Over the next two weeks, three GOP governors will flex their political muscles and campaign with Walker as the Republican Governors Association makes a concerted effort to boost his standing in Wisconsin less than two weeks before the recall vote.
Louisiana Gov. Bobby Jindal is slated to campaign with him on Thursday, while Virginia Gov. Bob McDonnell, who is also the chairman of the RGA, will be with Walker on Tuesday, and South Carolina Gov. Nikki Haley will join him next Friday.
“This is not about Wisconsin. This is about our country. This is about the fact that a governor went into his state and did exactly what he promised to do,” Haley said in a Fox News interview with Greta van Susteren on Wednesday evening. “If he loses this, it will take the spine out of every governor across this country. If he wins this, we will see more power and strength across the governors across this country than we’ve ever seen before.”
New Jersey Gov. Chris Christie, who serves as the vice chairman of the RGA, already campaigned with Walker in Green Bay, Wis., in early May, saying he traveled to the state to “stand with two incredible friends” – Walker and his wife, Tonette.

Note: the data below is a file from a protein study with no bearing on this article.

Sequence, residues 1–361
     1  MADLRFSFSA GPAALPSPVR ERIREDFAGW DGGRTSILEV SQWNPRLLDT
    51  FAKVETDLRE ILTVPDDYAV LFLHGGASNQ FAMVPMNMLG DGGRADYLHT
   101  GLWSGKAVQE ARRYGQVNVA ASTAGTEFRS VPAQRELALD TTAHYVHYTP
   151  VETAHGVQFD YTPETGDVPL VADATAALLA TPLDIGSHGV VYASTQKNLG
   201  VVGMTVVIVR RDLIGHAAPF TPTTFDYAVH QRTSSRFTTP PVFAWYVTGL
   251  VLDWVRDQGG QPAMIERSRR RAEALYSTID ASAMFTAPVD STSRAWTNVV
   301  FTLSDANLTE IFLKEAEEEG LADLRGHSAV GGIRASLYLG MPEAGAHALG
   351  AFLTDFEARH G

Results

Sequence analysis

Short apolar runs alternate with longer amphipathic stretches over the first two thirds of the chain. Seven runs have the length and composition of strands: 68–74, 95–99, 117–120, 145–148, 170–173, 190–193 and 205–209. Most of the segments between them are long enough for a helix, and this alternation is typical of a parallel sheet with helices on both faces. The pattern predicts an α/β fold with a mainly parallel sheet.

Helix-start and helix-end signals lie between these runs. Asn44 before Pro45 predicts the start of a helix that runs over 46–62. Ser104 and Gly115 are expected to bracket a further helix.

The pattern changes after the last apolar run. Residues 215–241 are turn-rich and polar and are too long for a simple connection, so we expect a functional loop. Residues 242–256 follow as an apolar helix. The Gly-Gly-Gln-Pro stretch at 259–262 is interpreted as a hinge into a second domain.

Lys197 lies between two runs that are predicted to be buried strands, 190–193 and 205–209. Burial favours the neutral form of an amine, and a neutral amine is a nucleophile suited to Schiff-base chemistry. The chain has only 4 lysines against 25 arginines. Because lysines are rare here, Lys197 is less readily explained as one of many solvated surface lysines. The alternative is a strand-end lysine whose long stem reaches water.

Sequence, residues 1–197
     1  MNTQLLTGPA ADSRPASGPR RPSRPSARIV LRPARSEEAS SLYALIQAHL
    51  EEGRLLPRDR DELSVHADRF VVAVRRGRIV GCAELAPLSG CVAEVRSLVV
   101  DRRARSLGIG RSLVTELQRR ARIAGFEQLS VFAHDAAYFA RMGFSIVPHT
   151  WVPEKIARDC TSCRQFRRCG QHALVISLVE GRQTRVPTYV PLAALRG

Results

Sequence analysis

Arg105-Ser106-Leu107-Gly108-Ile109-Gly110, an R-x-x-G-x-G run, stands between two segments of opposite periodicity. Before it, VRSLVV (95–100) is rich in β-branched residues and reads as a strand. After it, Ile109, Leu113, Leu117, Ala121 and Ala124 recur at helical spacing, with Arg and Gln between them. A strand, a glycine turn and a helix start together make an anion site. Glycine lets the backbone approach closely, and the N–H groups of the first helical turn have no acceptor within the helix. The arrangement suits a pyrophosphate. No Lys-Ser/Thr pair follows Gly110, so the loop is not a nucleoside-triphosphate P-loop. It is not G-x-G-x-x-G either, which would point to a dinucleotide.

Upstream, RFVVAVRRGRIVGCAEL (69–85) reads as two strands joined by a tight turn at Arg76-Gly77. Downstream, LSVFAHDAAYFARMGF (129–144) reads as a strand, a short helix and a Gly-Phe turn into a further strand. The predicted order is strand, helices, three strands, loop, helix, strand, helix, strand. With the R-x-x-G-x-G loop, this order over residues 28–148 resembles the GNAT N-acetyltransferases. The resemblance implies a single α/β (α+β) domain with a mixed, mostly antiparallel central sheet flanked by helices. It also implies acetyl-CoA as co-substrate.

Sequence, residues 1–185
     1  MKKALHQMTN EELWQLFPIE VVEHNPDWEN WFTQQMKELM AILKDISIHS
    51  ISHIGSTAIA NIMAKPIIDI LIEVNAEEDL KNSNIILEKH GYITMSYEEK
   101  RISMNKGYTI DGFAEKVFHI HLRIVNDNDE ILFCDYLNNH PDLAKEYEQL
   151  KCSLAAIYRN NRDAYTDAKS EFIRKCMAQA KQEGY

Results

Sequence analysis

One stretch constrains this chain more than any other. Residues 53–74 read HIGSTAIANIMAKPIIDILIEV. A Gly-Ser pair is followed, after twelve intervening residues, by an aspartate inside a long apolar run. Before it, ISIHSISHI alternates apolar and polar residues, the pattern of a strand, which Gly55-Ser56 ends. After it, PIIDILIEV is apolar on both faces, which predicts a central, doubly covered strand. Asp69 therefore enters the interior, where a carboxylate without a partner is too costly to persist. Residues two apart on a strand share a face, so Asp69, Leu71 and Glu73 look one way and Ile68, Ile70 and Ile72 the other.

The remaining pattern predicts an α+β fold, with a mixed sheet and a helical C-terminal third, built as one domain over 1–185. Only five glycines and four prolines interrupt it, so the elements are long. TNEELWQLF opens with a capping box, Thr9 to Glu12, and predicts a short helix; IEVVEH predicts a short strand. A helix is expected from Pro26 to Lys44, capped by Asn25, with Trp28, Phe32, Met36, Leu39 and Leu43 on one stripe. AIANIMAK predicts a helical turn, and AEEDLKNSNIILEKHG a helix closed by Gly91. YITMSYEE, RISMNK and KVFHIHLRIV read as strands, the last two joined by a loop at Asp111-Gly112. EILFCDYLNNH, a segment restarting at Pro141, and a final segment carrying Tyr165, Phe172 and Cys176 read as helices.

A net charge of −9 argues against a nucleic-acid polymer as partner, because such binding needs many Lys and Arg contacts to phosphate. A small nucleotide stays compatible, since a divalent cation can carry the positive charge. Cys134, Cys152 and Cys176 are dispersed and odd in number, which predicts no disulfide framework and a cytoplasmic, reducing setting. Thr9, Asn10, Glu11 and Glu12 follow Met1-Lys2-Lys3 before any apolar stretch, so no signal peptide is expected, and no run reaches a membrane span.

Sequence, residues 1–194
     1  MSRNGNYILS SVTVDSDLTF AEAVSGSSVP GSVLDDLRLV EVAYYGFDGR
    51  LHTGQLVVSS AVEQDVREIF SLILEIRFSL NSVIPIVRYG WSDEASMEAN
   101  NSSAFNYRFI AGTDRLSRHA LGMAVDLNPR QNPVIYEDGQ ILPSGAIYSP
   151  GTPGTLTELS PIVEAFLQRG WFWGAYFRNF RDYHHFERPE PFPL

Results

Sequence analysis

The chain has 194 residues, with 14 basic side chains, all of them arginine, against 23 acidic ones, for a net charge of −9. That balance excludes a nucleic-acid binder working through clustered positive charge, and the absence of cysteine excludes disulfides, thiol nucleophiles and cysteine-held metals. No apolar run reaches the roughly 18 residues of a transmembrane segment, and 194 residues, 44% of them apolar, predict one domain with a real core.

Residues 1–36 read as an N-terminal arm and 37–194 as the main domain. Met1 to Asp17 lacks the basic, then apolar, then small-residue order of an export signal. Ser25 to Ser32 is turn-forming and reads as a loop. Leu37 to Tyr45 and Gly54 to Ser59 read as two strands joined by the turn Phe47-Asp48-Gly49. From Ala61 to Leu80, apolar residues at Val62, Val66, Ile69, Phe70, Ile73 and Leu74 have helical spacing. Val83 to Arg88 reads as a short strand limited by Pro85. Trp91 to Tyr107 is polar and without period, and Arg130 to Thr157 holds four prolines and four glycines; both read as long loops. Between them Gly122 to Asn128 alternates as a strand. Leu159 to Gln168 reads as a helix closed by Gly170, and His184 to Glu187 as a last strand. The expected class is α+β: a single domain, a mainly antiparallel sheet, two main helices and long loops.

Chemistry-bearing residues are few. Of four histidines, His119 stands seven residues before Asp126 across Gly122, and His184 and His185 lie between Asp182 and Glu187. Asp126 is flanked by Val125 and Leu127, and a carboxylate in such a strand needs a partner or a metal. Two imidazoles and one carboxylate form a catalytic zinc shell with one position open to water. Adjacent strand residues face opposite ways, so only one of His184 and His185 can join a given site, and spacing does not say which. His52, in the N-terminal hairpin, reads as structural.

Mike Schrimpf, communications director for the RGA, told ABC News that the RGA has invested more than $6 million in the Wisconsin race to support Walker and launched its seventh television ad Wednesday.
Without coordination with the RGA, former Minnesota Gov. Tim Pawlenty hit the trail with Walker at a manufacturing facility in La Crosse, Wis., earlier this week.
One thing each of these governors helping Walker has in common is they all sit on many potential vice presidential lists. Each of the governors, except for Jindal, who initially backed Texas Gov. Rick Perry, also has campaigned with Romney.
While the presumptive Republican nominee has not campaigned with Walker, Romney has voiced his support for the Wisconsin governor.
“Gov. Walker is, in my opinion, an excellent governor,” Romney said during a tele-townhall in March, “and I believe that he is right to stand up for the citizens of Wisconsin, and to insist that those people who are working in the public sector unions have rights to effect their wages, but that these benefits and retiree benefits have fallen out of line with the capacity of the state to pay them, and so I support the governor in his effort to reign in the excesses that have permeated the public sector union and government negotiations over the years.”
The effort to recall Walker emerged after he pushed to strip public employee unions of their collective bargaining powers. A recent poll shows Walker leading in Wisconsin by six points over his opponent, Milwaukee Mayor Tom Barrett.
ABC News’ Russell Goldman and Shushannah Walshe contributed to this report.